LGBTQ+ Rights in Brazil

Back of person in white shirt and hat holding rainbow pride flag in the air alongside a colorful designed scarf.
Figure 1: Source: Yahoo Images, Ye Aung Thu; Pride flag held aloft. Back of person in white shirt and hat holding rainbow pride flag in the air alongside a colorful designed scarf.

You look around at the passing people, from old women and working mothers to teachers and police, any of them could want you dead. This is the unfortunate reality facing many LGBTQ+ people in Brazil, the world’s most dangerous country for trans and Queer people. With a stark rise in conservatism driving discriminatory legislation and a president that has publicly vilified “gender ideology” and Queer persons, the rights of LGBTQ+ people are threatened by institutions and public support of hateful rhetoric and discriminatory laws. 

The political climate fostering LGBTQ+ hate

The current president of Brazil is Jair Bolsonaro, who began his term on January 1, 2019. Bolsonaro is seen as a polarizing figure both within Brazil and by the international community for his disparaging comments against women, people of color, and LGBTQ+ individuals. A far-right figure, Bolsonaro claimed in a 2011 interview with Play Boy that he would rather have a dead son than a gay one.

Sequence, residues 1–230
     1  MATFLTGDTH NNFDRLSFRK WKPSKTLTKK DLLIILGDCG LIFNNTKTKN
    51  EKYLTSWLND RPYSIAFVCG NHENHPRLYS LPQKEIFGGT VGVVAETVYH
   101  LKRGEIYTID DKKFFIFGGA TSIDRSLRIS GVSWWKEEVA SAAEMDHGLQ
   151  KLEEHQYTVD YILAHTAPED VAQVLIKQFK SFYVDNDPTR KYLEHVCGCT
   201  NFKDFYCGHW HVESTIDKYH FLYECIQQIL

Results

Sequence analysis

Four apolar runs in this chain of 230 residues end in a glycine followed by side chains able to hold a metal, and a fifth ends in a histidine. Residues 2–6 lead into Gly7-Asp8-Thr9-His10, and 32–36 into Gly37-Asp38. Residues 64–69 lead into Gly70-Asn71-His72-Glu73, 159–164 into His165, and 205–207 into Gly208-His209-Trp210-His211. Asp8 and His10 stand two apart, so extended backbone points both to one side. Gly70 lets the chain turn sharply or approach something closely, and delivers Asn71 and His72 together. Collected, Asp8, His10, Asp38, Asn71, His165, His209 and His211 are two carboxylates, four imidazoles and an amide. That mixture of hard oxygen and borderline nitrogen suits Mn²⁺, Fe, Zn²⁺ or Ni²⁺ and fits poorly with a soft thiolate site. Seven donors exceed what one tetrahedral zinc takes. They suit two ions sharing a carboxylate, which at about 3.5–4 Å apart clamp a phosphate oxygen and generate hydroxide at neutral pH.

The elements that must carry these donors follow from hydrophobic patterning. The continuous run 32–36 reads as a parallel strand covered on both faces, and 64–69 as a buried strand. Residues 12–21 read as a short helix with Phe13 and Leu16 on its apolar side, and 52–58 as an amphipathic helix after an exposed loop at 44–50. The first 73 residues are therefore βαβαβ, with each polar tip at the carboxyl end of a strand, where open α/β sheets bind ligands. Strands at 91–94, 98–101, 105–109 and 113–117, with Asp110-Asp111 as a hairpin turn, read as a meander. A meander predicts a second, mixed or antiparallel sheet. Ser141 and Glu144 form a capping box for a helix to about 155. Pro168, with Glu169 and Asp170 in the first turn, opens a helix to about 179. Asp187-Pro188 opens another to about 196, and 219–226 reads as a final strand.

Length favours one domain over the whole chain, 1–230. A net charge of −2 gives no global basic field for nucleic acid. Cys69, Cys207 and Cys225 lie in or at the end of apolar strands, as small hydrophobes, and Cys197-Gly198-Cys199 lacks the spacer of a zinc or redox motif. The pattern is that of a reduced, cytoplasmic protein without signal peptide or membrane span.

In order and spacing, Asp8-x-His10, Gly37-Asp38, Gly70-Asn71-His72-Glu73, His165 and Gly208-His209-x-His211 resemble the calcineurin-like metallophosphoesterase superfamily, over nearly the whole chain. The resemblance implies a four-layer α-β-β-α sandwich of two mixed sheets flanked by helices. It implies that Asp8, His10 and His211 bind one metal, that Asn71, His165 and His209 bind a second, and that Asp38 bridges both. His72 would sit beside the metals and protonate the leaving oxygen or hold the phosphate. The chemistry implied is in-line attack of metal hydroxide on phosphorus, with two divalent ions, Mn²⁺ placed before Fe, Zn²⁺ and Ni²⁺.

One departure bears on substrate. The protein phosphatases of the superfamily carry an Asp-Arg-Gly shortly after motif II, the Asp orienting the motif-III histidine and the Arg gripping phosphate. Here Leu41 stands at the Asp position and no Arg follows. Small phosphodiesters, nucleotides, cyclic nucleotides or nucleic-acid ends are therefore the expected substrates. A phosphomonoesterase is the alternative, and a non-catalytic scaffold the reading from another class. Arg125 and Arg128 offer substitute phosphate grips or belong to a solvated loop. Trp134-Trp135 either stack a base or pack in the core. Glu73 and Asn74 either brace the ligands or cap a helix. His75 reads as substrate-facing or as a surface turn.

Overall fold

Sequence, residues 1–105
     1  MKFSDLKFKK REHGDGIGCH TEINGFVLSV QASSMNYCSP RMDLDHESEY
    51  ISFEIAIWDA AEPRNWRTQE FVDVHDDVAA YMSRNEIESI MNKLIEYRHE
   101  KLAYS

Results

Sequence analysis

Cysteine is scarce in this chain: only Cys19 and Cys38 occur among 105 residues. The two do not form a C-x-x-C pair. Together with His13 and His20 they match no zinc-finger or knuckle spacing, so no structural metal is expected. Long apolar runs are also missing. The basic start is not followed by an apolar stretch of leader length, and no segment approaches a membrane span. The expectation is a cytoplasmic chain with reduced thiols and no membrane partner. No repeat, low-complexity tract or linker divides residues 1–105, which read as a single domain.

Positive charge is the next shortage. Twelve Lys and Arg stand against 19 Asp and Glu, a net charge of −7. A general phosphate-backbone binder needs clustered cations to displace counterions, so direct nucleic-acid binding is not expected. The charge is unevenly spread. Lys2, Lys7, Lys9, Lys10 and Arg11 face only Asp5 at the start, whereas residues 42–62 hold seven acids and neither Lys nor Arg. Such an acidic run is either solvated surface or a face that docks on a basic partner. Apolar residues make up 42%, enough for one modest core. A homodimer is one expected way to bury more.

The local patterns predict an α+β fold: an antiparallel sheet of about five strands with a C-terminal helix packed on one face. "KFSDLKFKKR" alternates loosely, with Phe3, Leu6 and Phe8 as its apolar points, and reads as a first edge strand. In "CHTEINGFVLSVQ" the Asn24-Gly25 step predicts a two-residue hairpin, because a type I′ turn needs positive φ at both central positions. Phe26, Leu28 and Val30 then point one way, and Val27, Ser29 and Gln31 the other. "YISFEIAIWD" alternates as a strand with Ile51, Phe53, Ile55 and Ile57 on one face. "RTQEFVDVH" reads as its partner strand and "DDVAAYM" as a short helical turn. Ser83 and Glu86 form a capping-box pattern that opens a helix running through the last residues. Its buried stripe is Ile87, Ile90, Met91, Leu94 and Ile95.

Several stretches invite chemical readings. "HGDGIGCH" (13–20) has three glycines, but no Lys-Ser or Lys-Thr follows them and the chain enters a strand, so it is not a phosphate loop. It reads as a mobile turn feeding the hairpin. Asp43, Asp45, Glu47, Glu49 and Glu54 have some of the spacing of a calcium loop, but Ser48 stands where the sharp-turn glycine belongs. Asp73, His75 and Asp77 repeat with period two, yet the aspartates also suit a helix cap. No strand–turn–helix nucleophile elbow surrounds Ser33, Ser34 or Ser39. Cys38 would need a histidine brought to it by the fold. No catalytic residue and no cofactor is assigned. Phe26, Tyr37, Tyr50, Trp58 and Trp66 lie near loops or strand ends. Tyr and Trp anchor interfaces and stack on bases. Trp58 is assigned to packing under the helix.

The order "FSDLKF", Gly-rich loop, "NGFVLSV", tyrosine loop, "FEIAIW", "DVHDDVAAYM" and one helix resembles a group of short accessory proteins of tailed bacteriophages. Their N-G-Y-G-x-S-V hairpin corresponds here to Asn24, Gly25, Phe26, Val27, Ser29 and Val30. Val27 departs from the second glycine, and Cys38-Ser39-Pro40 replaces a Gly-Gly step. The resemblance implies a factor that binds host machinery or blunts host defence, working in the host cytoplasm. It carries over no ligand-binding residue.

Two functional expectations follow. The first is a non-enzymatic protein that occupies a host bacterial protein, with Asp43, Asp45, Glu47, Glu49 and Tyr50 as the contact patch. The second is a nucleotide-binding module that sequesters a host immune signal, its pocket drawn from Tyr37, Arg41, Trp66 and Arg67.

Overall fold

Figure 2: Source: Yahoo Images; An image of President Jair Bolsonaro. Shoulder to head image of a white male wearing a black suit looking towards the top right corner.

After the election of Jair Bolsonaro, Brazil’s second openly gay congress member Jean Wyllys left their position and fled the country due to the increased level of violence against LGBTQ+ people and the number of death threats received. “It was not Bolsonaro’s election itself. It was the level of violence that has increased since he was elected,” Wyllys told local newspapers. Bolsonaro has been clear about how his convictions motivate his discriminatory rhetoric that disparages LGBTQ+ people, and his election and widespread public support have also translated to widespread violence.